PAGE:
Thanks to Ryan Doria for this blog post.
The CARES Act created the Paycheck Protection Program (PPP) in late March to help companies keep their employees on the payroll as they struggle to persevere through the economic challenges wrought by the COVID-19 pandemic.
Thousands of small businesses and hundreds of nonprofits were assisted by lenders in CAMEO’s statewide network, according to data from the Small Business Administration. Members including in the analysis include: AMPAC, California FarmLink, CDC Small Business Finance, Lendistry, Opportunity Fund, Self-Help Credit Union, and USC Credit Union. If your organization made PPP loans and were not include, please email Heidi Pickman.
Released under the Freedom of Information Act, the federal loan data reported a total of $18 billion dollars spread across a variety of business types and industries for loan sizes less than $150,000 as of June 30. Of that funding, CAMEO members accounted for $178 million disbursed across 5,600 organizations, which translates to 24,500 jobs retained. With the previous application deadline extended to August 8, these numbers are expected to increase at the time of this writing.
The types of businesses and organizations that received federal funding was a bit surprising. Corporations and sole proprietorships received the lion’s share of the funds (66%). Other business types such as LLCs and S-Corps represented a smaller share (26%). Independent contractors and self-employed individuals, on the other hand, only accounted for 1%. This is likely due to a variety of factors. With a smaller payroll, these borrowers averaged smaller loan sizes. They also had a later starting date to their application window, beginning a week later than small businesses and sole proprietors. Lastly, they face stricter provisions for loan forgiveness. This could potentially dissuade them from applying in lieu of other options for financial assistance.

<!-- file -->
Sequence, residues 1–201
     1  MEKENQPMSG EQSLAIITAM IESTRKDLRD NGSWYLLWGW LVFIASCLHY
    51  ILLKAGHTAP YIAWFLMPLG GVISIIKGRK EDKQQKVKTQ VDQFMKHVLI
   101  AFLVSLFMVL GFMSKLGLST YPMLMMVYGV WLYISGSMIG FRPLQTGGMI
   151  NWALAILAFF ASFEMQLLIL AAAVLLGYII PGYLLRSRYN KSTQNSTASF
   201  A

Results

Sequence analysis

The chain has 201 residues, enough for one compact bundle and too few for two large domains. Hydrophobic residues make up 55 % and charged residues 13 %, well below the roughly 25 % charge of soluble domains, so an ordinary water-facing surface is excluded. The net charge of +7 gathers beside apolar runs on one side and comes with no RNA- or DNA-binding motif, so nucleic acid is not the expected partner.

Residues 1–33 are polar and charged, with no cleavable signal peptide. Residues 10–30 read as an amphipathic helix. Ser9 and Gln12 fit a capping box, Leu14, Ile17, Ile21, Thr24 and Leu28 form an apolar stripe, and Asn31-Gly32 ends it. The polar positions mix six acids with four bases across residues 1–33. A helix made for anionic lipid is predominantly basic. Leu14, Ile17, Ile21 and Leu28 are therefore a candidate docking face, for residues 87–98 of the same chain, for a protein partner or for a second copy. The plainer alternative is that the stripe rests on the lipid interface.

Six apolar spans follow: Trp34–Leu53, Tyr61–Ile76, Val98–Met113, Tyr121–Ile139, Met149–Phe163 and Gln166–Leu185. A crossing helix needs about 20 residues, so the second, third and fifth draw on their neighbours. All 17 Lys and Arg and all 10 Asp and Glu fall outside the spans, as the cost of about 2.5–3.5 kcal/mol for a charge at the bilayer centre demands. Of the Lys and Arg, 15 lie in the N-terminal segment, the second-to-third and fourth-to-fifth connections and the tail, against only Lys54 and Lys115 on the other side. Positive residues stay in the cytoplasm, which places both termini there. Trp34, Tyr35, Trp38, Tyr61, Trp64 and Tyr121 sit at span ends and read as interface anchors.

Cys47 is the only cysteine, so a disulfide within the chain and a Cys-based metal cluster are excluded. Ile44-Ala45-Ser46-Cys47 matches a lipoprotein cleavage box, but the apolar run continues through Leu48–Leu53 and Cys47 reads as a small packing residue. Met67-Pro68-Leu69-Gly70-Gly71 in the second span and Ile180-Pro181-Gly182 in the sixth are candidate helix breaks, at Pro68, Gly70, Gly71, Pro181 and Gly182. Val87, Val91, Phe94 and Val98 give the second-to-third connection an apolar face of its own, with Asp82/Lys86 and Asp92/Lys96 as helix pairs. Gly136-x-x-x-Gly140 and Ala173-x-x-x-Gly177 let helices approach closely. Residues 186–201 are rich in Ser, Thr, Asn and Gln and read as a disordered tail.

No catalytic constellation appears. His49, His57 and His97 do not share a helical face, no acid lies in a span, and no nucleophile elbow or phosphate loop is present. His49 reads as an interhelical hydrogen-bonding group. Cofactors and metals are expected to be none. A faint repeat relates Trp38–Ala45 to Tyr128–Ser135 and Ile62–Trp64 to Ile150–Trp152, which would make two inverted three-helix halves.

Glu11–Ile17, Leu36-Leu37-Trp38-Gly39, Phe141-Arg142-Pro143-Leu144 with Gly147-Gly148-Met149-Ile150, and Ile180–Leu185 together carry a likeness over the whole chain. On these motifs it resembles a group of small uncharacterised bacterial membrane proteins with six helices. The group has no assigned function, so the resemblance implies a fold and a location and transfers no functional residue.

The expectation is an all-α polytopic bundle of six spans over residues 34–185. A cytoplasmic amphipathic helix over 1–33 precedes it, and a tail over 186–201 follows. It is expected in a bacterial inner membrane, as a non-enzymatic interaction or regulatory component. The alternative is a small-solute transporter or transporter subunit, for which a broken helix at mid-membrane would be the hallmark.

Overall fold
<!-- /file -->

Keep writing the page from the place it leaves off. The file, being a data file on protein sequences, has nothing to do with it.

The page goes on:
Nonprofit organizations also received federal assistance for their staff, accounting for 6% of the funds. Other organizational types were also among the program’s benefactors, including: cooperatives, professional associations, nonprofit childcare centers, and trusts.
The types of industries represented in the loan data were also quite diverse. From construction and manufacturing to transportation, retail trade, and real estate renting, many industries were able to participate in the program. Healthcare and professional services were the biggest beneficiaries, receiving $24.7M and $27.5M respectively. Other industries stood out in different ways. Accommodation and food services, for example, tended to save the most jobs with an average of 10.4 jobs retained and 4,300 jobs retained overall. Construction had the highest average loan amount ($42,700) while maintaining a higher-than-average number of jobs retained (5.1 jobs).
Along with business and industry information, the federal loan data included a number of self-reported demographics. These revealed some interesting trends on who benefited from the federal program. However, the demographic data had a high non-response rate; thus many of these initial findings must be taken with a grain of salt.
That said, it is interesting to note that although white people accounted for the largest share of the funds (41%), minorities overall received the majority share (59%) for loans of less than $150,000. Looking at each group separately, Hispanics and Asians received a comparable portion at 27% and 21% respectively. Meanwhile, black business owners received less than half that at 10%. American Indians / Alaska Natives were combined into one group on the survey and accounted for less than 1% of the federal funding disbursed by CAMEO members.
Data for gender was clearly indicated for owner of the business. Male-owned businesses received the majority of the funding at 76% while female-owned businesses received only 24%. Data for veteran status, on the other hand, was not as clear though it is likely that of the borrower. Veterans accounted for only 8% of the funds received. To reiterate, it is important to note that these demographic trends are based on a response rate of only 30% and pertain only to loan amounts of less than $150,000. Further analysis is necessary to validate these findings.